What is Carpal Tunnel Syndrome?
Carpal tunnel syndrome (CTS) is pressure on the median nerve at the wrist which can cause numbness, tingling, pain and weakness in the hand. The carpal tunnel is a narrow passageway in the wrist through which the nerve and tendons pass through on their way to hand. If the passageway becomes narrower because of things like swelling, the nerve will have increased pressure on it and this can result in CTS.
Who Gets CTS?
It’s a common notion that CTS occurs in people who use a computer keyboard and mouse for several hours throughout the day. There is some truth to that, however CTS can occur from other causes. Examples include an injury and other medical problems such as diabetes, thyroid conditions, and arthritis. CTS can also occur during pregnancy.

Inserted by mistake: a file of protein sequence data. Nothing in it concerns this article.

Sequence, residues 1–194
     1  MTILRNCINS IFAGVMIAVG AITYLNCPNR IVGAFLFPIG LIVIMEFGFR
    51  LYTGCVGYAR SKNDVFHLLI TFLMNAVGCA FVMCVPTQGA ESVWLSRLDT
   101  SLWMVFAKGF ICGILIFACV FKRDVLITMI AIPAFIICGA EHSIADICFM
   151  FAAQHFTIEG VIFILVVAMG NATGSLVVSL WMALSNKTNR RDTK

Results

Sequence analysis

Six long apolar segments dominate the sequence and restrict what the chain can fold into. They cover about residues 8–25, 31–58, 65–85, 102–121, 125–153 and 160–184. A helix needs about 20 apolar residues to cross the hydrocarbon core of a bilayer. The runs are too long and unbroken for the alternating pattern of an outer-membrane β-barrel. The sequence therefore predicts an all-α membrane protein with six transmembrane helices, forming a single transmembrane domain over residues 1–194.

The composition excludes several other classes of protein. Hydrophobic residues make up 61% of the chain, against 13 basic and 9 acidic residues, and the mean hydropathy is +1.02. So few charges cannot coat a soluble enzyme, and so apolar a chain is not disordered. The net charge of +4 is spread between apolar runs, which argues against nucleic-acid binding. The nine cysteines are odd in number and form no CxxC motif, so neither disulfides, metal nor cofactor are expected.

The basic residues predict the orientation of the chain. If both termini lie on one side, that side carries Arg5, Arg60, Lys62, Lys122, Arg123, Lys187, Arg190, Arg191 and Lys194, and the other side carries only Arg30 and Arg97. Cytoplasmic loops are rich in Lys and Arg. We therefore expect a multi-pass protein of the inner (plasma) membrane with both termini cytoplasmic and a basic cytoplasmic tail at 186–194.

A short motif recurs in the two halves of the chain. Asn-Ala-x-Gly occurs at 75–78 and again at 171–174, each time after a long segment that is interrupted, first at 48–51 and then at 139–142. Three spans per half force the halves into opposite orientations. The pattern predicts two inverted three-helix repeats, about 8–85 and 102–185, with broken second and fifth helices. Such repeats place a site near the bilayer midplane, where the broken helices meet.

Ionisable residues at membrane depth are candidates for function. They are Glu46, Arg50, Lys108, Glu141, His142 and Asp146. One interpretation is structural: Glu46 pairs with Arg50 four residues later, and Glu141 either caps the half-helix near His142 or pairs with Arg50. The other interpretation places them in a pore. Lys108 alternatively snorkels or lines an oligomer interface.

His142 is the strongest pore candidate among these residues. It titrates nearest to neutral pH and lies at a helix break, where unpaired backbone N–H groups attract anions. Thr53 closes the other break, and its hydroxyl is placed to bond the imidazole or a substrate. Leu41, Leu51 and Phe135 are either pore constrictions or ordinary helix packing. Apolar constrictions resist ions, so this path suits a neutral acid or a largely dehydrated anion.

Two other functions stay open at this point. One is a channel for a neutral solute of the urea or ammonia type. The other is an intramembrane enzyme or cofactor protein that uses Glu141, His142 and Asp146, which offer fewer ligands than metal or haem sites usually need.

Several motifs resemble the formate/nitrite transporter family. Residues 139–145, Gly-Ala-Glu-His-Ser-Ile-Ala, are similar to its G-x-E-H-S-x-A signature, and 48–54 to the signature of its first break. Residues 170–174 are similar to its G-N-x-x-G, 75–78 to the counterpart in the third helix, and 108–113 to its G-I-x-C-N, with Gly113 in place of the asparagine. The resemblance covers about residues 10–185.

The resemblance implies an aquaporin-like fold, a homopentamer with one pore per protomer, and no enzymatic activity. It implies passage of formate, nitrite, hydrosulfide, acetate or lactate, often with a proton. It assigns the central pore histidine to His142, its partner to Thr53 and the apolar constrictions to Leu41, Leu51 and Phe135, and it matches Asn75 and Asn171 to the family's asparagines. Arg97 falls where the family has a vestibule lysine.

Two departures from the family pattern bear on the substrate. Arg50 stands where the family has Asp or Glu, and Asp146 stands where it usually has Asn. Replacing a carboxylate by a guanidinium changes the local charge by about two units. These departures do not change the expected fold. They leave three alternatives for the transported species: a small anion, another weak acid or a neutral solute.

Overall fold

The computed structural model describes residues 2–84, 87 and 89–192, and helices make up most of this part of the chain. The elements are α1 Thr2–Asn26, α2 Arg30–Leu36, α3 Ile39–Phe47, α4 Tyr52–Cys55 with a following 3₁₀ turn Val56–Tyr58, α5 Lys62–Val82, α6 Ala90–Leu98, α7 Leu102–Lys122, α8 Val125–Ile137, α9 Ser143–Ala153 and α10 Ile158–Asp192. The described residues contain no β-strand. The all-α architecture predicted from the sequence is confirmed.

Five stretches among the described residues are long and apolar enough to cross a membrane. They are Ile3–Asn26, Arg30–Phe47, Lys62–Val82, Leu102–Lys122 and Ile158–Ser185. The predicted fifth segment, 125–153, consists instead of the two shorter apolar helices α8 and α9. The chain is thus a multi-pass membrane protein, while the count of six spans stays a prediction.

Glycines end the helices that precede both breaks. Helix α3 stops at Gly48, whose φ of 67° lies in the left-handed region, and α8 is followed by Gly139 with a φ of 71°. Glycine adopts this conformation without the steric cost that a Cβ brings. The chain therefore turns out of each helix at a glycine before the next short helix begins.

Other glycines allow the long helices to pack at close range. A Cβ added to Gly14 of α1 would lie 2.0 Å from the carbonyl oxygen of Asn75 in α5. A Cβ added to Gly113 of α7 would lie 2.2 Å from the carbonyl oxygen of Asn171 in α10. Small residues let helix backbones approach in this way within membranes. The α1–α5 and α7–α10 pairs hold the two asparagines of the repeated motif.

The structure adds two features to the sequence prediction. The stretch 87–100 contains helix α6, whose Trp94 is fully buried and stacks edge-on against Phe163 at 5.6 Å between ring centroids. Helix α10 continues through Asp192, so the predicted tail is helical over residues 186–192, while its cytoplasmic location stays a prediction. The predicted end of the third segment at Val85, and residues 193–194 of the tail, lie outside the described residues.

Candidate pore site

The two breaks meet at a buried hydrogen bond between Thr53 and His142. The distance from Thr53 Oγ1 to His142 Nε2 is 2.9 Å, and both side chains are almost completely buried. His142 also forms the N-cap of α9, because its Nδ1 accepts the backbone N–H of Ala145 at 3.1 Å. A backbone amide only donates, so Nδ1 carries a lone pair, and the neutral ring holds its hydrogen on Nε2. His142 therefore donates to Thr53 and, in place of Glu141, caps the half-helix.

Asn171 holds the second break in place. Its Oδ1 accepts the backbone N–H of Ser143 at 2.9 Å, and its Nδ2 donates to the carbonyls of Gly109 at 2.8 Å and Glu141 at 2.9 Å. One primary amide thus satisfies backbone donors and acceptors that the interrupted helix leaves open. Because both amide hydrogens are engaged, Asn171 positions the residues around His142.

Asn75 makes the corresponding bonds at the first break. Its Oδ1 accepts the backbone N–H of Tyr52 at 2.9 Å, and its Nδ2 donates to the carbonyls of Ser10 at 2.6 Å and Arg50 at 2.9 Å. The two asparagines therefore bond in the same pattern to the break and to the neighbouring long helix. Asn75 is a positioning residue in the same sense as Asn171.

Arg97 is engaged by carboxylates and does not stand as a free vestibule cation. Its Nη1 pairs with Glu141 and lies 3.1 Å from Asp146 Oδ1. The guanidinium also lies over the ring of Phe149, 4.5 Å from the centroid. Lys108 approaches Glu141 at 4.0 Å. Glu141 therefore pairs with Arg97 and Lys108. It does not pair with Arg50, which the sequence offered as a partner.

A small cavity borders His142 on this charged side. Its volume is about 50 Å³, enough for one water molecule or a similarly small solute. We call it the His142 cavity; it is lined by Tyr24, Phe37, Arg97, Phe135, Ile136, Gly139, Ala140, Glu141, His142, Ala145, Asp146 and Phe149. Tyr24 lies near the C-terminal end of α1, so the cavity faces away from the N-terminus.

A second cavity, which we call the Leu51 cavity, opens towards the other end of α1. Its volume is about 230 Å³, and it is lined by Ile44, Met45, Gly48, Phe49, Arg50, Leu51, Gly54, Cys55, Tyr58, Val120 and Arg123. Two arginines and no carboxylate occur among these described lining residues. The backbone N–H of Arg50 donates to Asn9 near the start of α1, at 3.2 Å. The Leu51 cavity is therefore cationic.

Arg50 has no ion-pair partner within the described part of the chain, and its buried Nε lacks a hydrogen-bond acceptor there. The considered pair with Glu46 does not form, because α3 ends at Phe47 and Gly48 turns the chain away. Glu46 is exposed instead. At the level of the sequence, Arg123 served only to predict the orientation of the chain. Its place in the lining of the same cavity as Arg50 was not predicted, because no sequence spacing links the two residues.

What are the symptoms of CTS?
CTS is a nerve problem so changes in sensation are the most common symptoms. These changes are most notable in the thumb, index, long and ring fingers. The most common change in sensation is numbness and tingling and often these symptoms are worse at night and may prevent you from getting a good night’s sleep. Occasionally people will experience burning as well as electrical shocks in their hands and fingers. You may also feel that your hand has become weak, and you may begin to drop things.
How is CTS treated?
Often CTS will be treated with nonsurgical methods first. Nighttime wrist braces, exercises and over the counter medications can be helpful to reduce the symptoms of CTS. If these measures fail to improve the symptoms of CTS, surgery may be necessary.
What should I do if I think I have CTS?
If you think you have CTS, schedule an appointment with one of the members of the Hand and Wrist team at Total Orthopedics & Sports Medicine. You will be evaluated with a complete hand and wrist examination and will be guided as to the best treatment option for you.